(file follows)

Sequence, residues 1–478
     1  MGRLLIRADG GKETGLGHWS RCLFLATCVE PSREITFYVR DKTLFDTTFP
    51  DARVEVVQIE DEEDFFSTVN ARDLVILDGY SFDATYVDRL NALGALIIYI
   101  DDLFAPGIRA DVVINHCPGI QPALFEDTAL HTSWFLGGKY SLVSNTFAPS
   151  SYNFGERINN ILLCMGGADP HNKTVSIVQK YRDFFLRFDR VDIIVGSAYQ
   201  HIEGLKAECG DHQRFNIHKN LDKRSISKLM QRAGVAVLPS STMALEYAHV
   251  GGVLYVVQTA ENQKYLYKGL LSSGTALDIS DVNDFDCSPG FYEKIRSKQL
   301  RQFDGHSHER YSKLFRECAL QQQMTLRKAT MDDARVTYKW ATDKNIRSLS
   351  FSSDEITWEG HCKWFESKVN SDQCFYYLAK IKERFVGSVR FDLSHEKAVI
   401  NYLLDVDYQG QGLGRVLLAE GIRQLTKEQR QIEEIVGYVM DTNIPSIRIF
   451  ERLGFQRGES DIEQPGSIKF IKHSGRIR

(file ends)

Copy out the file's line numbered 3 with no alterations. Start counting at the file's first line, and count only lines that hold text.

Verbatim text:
    51  DARVEVVQIE DEEDFFSTVN ARDLVILDGY SFDATYVDRL NALGALIIYI